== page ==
I was near the center of the formation, so I was able to see the damage made by the 50 or so soldier that were in front of me. There were some recently planted vegetables, that had once reached for the sun, driven back into the ground by careless soldiers. I tried my hardest to leave as little impact as possible on the soil beneath me, but after awhile, my efforts only seemed futile. The damage I saw along our path was quite extensive. At that point, I couldn’t help but to question our presence there. Was this really in the best interest of the United States? I didn’t know. All I knew was that we had surely done several thousands of dollars of damage to their crops for no apparent reason. I mean, I could see cutting across the fields if we had the entire Red Army hot on our trail, but this wasn’t the case.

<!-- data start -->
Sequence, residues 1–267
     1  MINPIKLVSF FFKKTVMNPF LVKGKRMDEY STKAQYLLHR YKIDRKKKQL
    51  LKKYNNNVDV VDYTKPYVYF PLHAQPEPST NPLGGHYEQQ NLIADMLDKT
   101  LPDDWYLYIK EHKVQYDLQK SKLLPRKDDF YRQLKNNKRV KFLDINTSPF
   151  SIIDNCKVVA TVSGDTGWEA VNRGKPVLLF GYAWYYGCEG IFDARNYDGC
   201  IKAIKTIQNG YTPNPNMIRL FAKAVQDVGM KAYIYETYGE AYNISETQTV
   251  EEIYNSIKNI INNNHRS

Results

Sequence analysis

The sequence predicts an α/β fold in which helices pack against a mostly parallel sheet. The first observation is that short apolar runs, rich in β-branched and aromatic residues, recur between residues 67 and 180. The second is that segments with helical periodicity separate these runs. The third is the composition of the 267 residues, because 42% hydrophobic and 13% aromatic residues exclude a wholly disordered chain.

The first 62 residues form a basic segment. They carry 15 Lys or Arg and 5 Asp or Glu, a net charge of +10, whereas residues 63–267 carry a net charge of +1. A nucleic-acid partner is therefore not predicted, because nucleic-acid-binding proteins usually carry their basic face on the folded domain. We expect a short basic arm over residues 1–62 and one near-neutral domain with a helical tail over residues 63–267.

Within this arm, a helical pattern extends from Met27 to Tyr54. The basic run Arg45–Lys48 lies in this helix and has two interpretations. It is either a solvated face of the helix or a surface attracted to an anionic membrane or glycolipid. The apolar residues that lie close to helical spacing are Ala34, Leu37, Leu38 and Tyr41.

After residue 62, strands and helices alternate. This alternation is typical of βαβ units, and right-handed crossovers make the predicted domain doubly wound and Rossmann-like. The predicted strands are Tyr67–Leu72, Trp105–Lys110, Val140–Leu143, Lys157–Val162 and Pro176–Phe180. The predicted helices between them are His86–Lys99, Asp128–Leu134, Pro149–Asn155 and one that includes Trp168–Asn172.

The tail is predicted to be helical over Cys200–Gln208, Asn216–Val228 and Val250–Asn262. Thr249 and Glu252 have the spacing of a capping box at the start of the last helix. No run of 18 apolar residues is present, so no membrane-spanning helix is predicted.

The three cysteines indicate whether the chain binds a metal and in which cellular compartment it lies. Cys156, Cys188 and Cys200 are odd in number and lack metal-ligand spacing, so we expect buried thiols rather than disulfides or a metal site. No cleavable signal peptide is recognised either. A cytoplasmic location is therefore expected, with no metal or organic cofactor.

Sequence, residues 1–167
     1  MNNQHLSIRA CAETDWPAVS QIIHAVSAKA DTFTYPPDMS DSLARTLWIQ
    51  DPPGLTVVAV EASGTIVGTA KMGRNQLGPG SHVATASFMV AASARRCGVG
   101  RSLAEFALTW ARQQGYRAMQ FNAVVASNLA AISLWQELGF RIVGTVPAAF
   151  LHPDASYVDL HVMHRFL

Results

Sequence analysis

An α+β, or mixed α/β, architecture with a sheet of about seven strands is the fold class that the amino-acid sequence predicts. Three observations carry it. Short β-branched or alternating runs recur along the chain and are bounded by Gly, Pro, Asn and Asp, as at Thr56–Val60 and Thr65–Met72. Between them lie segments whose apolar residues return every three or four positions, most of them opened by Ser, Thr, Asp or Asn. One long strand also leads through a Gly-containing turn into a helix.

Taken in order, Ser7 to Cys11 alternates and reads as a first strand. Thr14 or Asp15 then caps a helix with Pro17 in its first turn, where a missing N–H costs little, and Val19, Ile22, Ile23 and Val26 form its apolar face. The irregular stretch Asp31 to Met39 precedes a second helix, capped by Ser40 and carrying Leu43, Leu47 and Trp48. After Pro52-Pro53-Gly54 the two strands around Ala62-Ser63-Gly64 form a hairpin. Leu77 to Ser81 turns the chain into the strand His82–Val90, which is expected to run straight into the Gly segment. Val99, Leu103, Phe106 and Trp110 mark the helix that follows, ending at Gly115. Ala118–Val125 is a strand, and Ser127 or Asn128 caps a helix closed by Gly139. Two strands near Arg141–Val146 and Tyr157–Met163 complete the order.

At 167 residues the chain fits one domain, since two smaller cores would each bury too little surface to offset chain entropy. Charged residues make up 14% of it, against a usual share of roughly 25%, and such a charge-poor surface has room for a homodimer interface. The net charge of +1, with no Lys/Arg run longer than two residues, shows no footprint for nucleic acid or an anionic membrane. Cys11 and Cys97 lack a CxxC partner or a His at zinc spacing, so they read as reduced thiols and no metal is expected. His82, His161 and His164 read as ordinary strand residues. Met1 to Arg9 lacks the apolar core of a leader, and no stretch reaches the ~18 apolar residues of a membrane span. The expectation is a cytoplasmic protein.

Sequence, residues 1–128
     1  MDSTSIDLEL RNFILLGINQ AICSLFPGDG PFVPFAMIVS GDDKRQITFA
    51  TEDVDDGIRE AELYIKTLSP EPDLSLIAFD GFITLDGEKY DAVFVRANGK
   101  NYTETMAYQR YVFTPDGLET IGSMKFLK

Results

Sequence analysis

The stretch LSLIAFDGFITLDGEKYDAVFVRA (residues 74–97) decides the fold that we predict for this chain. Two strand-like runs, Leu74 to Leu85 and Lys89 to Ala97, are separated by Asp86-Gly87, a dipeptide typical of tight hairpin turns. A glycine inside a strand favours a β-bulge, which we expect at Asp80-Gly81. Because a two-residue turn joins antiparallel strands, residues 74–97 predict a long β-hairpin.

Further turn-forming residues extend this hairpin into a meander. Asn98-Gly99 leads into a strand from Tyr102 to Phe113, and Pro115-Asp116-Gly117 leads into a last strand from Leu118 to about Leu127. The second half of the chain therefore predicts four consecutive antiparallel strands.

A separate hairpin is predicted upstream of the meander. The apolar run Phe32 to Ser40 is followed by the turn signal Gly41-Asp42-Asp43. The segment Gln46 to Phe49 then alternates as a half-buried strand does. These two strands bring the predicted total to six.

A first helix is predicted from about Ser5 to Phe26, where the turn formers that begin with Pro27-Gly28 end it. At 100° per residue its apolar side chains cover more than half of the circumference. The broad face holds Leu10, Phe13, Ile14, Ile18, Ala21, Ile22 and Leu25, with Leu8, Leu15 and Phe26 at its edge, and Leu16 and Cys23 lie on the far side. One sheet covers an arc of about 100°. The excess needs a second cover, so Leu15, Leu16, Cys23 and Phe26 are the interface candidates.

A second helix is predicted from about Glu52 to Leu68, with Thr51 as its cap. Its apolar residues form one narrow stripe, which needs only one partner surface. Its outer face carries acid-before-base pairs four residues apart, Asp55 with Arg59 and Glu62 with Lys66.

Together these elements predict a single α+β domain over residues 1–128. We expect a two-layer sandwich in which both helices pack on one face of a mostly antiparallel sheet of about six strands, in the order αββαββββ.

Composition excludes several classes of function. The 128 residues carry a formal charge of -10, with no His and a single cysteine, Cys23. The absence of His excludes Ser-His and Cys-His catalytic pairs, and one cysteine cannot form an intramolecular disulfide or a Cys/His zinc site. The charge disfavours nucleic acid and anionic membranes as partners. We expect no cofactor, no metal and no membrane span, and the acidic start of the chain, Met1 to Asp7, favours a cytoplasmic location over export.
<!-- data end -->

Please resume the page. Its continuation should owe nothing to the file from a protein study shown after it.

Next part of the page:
After what seemed like days, we finally “breached the open space in a swift manner.” Once on the other side, we moved into a security perimeter. I was lying on the ground, propped up on my elbows. From my vantage point, I was able to look out over the farmlands we had just finished crossing. Cutting diagonally across the parallel rows of produce, was a 70 meter wide path pounded into the soil. I dropped my head in disgust. Out of the corner of my eye I saw the flag on my sleeve. There it was. The parallel lines that ran its length weren’t blemished, but the ideals it was supposed to stand for were. At this point in time, I thought about all the people home in the States. I’m sure that they had no idea as to what was being done under the name of the United States. Then again, they probably didn’t care. These were the asme people that put Reagan in for a second term.